Summary judgment is properly entered only when there are no genuine issues
of material fact, it is virtually clear what the truth is, and the moving
party is entitled to judgment as a matter of law. NRCP 56(c); Short v. Hotel
Riviera, Inc., 79 Nev. 94, 103, 378 P.2d 979, 984 (1963). Although summary
judgment may not be used to deprive litigants of trials on the merits where
material factual doubt exists, the availability of summary proceedings
promotes judicial economy and reduces litigation expense associated with
actions clearly lacking in merit. Therefore, it is readily understood why
the party opposing summary judgment may not simply rest on the allegations
of the pleadings. To the contrary, the non-moving party must, by competent
evidence, produce specific facts that demonstrate the presence of a genuine
issue for trial. Michaels v. Sudeck, 107 Nev. 332, 334, 810 P.2d 1212,
1213-1214 (1991).

[***6] With the above legal principles in mind, the record in the instant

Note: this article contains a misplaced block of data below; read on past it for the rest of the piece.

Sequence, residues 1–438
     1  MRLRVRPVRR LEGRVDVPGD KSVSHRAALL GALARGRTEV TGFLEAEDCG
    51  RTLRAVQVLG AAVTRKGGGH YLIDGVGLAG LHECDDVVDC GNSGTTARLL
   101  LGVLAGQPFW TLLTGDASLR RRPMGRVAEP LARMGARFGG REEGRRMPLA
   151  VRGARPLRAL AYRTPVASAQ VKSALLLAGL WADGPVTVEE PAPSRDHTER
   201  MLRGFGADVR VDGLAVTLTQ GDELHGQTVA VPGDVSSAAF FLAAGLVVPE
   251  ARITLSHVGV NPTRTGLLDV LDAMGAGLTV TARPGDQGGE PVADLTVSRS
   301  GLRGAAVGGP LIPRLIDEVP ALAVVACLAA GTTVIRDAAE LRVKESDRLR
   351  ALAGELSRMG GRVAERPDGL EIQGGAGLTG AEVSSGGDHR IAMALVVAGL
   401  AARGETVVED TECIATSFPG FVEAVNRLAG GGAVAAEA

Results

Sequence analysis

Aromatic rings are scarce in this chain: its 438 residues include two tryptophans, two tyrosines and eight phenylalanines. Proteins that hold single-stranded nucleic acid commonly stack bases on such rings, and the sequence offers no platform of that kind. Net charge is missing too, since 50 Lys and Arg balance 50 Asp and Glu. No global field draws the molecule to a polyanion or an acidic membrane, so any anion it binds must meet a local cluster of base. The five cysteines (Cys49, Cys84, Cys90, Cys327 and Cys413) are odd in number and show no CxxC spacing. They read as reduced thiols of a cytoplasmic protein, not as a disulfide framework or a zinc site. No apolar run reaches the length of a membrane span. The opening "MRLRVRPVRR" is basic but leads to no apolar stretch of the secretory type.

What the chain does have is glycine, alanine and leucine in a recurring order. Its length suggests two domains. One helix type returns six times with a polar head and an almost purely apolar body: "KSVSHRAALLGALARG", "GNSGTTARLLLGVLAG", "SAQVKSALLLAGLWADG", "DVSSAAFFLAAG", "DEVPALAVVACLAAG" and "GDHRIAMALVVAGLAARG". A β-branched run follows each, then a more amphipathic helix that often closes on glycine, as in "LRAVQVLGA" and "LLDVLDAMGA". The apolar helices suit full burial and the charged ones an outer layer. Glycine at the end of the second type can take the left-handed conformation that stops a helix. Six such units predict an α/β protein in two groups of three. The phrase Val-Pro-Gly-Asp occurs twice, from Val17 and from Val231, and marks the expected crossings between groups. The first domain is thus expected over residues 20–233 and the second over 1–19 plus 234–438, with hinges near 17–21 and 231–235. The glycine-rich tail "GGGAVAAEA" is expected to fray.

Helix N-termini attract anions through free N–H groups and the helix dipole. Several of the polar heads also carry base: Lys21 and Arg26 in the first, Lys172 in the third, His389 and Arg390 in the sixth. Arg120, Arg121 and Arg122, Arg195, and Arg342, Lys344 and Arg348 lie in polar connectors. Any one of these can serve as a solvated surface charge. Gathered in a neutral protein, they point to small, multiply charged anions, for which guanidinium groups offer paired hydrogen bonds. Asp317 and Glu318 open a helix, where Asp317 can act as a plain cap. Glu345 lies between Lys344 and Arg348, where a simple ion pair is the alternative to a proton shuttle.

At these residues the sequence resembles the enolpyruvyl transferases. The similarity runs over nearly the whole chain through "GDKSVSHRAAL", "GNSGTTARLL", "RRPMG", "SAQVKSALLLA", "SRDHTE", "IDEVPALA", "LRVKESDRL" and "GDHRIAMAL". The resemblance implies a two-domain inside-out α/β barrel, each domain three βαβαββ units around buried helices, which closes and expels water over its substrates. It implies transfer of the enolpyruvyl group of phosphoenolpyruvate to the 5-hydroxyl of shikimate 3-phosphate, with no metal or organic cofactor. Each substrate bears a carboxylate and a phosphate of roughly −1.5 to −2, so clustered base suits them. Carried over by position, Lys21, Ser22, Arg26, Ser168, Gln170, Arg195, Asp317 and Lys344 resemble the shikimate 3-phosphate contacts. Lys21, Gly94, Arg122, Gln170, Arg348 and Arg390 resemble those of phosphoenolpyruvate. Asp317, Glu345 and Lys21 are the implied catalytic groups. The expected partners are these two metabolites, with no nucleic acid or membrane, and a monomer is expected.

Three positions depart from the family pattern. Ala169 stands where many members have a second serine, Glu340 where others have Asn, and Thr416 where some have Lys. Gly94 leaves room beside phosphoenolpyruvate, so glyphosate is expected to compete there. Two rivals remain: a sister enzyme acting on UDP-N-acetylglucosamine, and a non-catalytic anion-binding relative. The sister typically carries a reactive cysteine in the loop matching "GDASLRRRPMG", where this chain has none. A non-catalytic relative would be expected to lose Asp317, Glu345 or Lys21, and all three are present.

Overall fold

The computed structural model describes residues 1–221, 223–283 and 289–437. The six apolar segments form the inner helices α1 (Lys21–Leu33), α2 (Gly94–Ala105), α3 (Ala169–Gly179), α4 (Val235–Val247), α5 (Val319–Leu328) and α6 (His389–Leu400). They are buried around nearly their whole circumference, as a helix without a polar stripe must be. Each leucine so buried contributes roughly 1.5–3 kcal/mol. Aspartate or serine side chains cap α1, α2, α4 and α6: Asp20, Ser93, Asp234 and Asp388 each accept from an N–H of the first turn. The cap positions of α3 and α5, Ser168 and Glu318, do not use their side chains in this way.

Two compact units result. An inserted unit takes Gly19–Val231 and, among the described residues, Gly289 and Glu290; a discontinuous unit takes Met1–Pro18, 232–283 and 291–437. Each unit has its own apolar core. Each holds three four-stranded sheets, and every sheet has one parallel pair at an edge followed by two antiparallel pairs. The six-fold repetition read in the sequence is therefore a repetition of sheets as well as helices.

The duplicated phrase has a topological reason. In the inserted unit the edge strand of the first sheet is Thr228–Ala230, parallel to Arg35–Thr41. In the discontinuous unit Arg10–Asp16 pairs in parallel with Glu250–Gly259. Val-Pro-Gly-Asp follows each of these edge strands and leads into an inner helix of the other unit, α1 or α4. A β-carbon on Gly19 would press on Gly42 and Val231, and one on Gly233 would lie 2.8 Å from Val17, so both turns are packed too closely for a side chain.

case leaves us with an element of doubt concerning the truth. In so stating,
we do not fault the district court judge who was given precious little
justification for declining to enter summary judgment. Indeed, it is far
from clear on the record whether the district court's attention was even
directed in any meaningful way to key aspects of depositions taken in the
action. Appellant's counsel complains on appeal that he intended to again
amend Elizabeth's complaint "as soon as the depositions were signed."
Fortunately for Elizabeth, excerpts of depositions were included in the
appendix to appellant's brief, and ADT voiced no objection to this court
considering these materials on appeal. Nor did ADT object to appellant's
appendix on grounds that its contents were not before the district court on
summary judgment. In any event, we have elected to review the depositional
testimony included in the appendices primarily because Elizabeth's counsel
filed a document in the district court specifying the same depositions as
attachments to Elizabeth's points and authorities in opposition to summary
judgment. The designation [***7] of the record on appeal included all
papers and documents filed in the district court.